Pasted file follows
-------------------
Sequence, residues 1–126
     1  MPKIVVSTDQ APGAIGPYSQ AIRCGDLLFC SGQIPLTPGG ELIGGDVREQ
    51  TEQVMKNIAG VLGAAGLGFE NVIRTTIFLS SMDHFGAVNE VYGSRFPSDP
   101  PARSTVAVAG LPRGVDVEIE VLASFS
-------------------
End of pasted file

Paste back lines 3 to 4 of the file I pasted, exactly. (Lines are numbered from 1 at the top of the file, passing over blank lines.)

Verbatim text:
    51  TEQVMKNIAG VLGAAGLGFE NVIRTTIFLS SMDHFGAVNE VYGSRFPSDP
   101  PARSTVAVAG LPRGVDVEIE VLASFS